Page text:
“There is a serious risk of Trump ad-libbing his way into a bad deal, as he did in Singapore in June 2018, by relinquishing vital bargaining chips that disadvantage U.S. interests and Asian allies’ security,” she added.
WORRY NO. 2: KIM AND TRUMP ARE TOO ALIGNED
There’s a joke being shared by some North Korea experts: Did you hear that Kim Jong Un and Donald Trump both want the same thing from their Hanoi summit? The United States out of South Korea.
Funny or not, the dark humor gets at serious doubts churned up by Trump’s repeated public expressions of a deep wariness about the U.S.-South Korea alliance that many in Seoul and Washington see as a lynchpin of Northeast Asian security.
The best example may be Trump’s stunning announcement in Singapore of the suspension of annual military drills by Seoul and Washington that North Korea rails against as “invasion preparation.”
Trump called the drills “very provocative,” mirroring North Korean language.
Although his lieutenants say the removal of American troops isn’t on the agenda in Hanoi, Trump has said that he wants to eventually bring home the 28,500 troops stationed in the South. Just this month Trump said: “South Korea — we defend them and lose a tremendous amount of money. Billions of dollars a year defending them.”
WORRY NO. 3: NORTH KOREA HASN’T CHANGED
There’s also alarm that Trump and South Korea’s dovish president are misreading North Korea.
“Kim is not going to unilaterally surrender his nuclear weapons,” Vipin Narang, a North Korea nuclear expert at MIT, said in an interview. “It is now pretty clear that Trump doesn’t care that Kim isn’t going to unilaterally disarm, so long as he doesn’t embarrass Trump by visibly flight testing missiles or openly testing nuclear weapons.”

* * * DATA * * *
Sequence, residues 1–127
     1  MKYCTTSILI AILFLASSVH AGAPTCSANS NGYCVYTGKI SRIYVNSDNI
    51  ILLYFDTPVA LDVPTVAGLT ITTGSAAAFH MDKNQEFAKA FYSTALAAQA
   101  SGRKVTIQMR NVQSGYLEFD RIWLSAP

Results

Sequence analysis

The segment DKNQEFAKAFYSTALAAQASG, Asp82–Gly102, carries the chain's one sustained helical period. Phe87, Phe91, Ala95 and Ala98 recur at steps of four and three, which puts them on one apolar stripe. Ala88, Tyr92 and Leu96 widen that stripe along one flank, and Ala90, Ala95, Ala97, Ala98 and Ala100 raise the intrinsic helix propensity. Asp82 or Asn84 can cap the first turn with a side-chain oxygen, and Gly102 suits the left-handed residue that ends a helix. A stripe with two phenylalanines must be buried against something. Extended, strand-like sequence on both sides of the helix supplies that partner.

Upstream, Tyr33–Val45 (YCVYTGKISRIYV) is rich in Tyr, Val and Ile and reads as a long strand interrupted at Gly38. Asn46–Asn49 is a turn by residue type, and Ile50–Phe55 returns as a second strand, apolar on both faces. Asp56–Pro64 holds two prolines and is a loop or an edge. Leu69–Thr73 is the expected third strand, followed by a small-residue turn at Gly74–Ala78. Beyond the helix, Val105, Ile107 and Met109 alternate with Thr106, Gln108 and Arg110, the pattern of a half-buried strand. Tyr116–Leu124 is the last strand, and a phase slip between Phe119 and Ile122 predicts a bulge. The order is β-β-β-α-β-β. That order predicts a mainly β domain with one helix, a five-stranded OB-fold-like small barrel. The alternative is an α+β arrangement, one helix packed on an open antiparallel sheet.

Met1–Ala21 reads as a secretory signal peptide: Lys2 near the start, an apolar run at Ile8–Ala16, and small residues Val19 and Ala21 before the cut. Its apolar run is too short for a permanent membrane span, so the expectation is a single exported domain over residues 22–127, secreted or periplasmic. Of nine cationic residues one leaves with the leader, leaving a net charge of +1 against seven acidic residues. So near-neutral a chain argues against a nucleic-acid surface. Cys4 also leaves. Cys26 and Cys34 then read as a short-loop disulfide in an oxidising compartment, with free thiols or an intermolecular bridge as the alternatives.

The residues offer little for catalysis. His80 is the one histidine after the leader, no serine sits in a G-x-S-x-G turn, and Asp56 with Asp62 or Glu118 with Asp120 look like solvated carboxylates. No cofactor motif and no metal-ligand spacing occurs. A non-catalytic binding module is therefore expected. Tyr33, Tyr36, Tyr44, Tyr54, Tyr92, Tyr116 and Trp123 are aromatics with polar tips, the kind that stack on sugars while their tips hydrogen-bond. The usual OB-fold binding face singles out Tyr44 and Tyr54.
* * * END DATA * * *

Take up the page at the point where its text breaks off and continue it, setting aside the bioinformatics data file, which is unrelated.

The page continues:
Despite the positive spin on North Korean intentions by the liberal government in Seoul, critics say, Pyongyang, as it has since the Korean War, still claims to be the sole legitimate Korean government, and is therefore working to split South Korea from its U.S. protector and enshrine its nuclear program, even if partially, as a way to eventually coerce Seoul into doing its bidding.
North Korea has famously called its nuclear arsenal a “treasured sword.” And a senior North Korean official said last year that dialogue won’t continue “if the U.S. is trying to drive us into a corner to force our unilateral nuclear abandonment.”
Asked at a recent press briefing if the North was negotiating in good faith, a senior U.S. official who refused to give his name under White House rules said: “I don’t know if North Korea has made the choice yet to denuclearize. But the reason why we’re engaged in this is because we believe there’s a possibility that North Korea can make the choice to fully denuclearize.”
Still, there are big doubts about the North’s intentions.
When the two leaders meet in Hanoi, Kim will “will further ensnare Trump on his march toward full nuclearization, compelling Trump to make more concessions like a peace agreement and drawdown of military support for South Korea,” said Sung-Yoon Lee, a Koreas expert at Tufts University. “‘Peace’ sounds very pleasant, even hypnotically alluring, but a peace agreement between the U.S. and North Korea and allowing Kim Jong Un to buy more time only increases the chance of war.”
Foster Klug is the AP’s bureau chief in South Korea and has covered the Koreas since 2005. Follow him at www.twitter.com/apklug